The owner of two pit bulls faces imminent criminal charges in the December attack that resulted in the death of one dog and injuries to another and their owner.
Kesean McBath will be charged with a class 1 misdemeanor in the unprovoked mauling on a Tortosa street, according to the City of Maricopa prosecutor.
Pit bulls in recent Tortosa mauling had attacked before
Fatal dog mauling in Tortosa stirs controversy
He looks to face additional legal troubles, too.
Kevin and Carol Cook, who had to put down their miniature schnauzer Kali because of the extent of injuries suffered in the attack, are planning a civil lawsuit against McBath.
As McBath walked them in the neighborhood on Dec. 5, his pit bulls slipped out of their collars and set upon Carol Cook and her two dogs, who were on their own walk.
Lacey, a Maltipoo, survived the attack, but Kali’s injuries – a punctured lung, broken jaw and internal bleeding – were catastrophic and she did not survive.
Cook suffered puncture wounds to her forearm, cuts and scrapes on her elbows, knees and arms from being dragged into the street by one of the pit bulls and may have re-injured a previously broken foot that had almost healed.
The attack was the second involving McBath’s animals in just over a year. In the first incident, on Dec. 2, 2019, the pit bulls ran out an open door and attacked a Dutch shepherd being walked by Tortosa resident Jeff Clark. Clark was bitten on the arm and hand while trying to protect his dog, Sigrun, who has since suffered from post-traumatic stress disorder.
City prosecutor Murdock Holloway said this week that criminal charges are warranted in the Cook incident.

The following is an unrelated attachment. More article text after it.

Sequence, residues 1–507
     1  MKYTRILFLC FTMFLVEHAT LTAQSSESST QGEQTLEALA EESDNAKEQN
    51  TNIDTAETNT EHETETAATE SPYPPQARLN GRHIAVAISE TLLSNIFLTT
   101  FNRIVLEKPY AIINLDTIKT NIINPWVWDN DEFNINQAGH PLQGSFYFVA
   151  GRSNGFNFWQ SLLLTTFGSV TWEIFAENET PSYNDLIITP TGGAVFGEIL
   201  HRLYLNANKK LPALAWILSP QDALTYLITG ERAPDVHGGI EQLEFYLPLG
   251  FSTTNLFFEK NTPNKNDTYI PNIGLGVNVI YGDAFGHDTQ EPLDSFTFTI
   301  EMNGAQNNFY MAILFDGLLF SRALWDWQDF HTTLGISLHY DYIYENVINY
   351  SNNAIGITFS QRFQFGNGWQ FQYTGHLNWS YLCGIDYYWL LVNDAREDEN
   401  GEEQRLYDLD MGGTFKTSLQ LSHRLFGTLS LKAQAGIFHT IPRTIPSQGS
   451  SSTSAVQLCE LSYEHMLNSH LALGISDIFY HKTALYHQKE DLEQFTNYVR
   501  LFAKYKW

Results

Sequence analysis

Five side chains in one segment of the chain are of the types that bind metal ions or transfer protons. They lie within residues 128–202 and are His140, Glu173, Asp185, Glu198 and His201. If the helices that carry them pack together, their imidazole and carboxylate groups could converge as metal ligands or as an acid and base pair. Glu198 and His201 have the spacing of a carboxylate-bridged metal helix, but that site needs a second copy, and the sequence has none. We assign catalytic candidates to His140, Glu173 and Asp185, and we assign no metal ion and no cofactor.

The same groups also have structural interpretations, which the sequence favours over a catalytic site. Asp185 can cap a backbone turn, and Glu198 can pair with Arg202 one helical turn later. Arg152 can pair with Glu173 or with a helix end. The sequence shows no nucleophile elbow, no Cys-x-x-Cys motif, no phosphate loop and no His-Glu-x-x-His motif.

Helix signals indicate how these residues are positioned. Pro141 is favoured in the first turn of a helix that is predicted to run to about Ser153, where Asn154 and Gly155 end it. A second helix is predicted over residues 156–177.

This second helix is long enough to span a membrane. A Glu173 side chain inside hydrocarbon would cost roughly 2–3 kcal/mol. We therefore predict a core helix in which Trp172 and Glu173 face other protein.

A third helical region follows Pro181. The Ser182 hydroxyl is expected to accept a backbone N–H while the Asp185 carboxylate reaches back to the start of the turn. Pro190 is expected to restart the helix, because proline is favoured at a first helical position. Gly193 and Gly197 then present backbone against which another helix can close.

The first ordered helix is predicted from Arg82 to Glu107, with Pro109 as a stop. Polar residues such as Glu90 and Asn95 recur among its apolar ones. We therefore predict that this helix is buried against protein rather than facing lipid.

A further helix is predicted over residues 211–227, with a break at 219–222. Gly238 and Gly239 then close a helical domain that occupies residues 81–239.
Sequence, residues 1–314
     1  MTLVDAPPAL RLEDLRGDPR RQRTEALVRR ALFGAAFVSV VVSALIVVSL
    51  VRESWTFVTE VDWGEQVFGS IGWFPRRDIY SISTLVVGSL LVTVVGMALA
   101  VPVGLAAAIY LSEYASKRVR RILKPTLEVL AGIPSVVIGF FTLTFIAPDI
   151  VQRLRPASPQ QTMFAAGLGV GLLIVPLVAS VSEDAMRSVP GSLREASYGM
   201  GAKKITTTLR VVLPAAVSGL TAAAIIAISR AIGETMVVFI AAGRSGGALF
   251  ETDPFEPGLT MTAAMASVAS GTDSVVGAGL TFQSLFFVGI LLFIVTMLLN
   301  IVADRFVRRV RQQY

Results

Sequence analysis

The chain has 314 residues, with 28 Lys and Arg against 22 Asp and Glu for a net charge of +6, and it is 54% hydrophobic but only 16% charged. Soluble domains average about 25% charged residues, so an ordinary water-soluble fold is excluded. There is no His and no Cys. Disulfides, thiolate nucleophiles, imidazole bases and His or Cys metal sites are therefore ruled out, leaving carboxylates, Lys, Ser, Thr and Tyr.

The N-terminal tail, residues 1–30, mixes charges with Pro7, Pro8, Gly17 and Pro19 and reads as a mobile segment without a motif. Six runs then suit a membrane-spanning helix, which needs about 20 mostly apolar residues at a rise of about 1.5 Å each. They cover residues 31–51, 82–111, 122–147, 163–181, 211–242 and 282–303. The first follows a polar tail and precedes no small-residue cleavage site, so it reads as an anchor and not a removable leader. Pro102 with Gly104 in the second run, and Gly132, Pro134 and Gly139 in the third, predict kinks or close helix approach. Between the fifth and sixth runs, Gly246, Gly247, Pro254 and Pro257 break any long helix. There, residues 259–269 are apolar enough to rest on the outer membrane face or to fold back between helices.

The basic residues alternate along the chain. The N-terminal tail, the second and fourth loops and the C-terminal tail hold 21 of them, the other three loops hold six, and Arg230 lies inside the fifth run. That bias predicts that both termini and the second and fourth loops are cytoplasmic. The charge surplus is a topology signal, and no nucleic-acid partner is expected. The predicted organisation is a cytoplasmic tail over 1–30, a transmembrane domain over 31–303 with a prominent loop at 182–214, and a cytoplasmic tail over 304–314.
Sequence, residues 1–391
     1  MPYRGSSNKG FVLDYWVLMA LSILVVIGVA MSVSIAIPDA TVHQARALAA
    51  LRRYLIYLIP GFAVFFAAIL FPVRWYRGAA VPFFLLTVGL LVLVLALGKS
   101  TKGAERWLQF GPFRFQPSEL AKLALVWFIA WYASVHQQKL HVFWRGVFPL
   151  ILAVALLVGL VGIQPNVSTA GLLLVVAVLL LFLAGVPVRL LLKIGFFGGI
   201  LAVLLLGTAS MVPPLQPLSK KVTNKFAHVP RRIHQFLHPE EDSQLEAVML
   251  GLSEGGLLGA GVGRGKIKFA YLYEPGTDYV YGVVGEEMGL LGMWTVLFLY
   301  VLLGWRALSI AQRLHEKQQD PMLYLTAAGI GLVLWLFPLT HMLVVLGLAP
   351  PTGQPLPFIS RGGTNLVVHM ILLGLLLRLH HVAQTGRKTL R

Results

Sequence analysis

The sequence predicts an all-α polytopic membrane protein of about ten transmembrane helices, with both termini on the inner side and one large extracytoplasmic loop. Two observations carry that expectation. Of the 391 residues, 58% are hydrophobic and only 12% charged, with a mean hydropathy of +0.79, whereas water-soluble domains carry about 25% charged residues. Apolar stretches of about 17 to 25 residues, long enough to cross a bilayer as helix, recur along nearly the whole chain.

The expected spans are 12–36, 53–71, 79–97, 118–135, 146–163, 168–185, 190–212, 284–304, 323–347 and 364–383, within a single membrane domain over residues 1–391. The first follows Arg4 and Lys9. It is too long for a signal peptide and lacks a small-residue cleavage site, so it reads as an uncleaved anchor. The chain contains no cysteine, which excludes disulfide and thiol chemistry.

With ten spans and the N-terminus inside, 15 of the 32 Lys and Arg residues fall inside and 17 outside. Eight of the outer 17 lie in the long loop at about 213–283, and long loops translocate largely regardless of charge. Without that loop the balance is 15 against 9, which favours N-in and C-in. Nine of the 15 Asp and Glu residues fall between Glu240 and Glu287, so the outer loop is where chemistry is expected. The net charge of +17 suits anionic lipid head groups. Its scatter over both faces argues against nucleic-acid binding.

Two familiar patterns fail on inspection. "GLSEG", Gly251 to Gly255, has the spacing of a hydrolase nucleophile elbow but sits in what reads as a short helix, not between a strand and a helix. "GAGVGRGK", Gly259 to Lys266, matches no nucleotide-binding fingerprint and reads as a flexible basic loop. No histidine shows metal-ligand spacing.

“There is enough there to charge,” Holloway said. “I suspect charges will be issued relatively soon. Since it’s a misdemeanor we have up to a year to file the charges, but I expect the complaint will be issued by the end of next week.”
Maricopa police investigated the attack and referred the case to Holloway for prosecution.
“As far as we are concerned, Animal Control responded and investigated, we assisted in submitting charges and no further contact will be made,” said Luis Vila, the city’s communications coordinator.
‘THERE WAS SOME HISTORY’
Asked for comment on the criminal and civil cases he now faces, McBath said, “I guess my last comment is, there’s not really much for me to say. I can’t bring the dog back. And (Cook is) hounding me like I pulled a gun out and shot the dog. It was an incident – they’re my family’s dogs. He’s mad like I did it or something. I can’t bring the dog back.
“I feel bad for what happened to the dog, I didn’t mean for that to happen to the dog but (Cook) leading it on and on and on, what’s that going to do? There’s nothing that I can do. He feels like he wants justice, I guess, is that what he wants?”
According to Arizona Revised Statutes, an “aggressive” dog is defined as one “that has bitten a person or domestic animal without provocation or that has a known history of attacking persons or domestic animals without provocation.”
State law requires an owner of an aggressive dog to take “reasonable care” to prohibit the dog from escaping to the outside of a home or an enclosed area, yard or structure and to control the dog in a manner that prevents the dog from biting or attacking a person or domestic animal while the dog is off the owner’s property.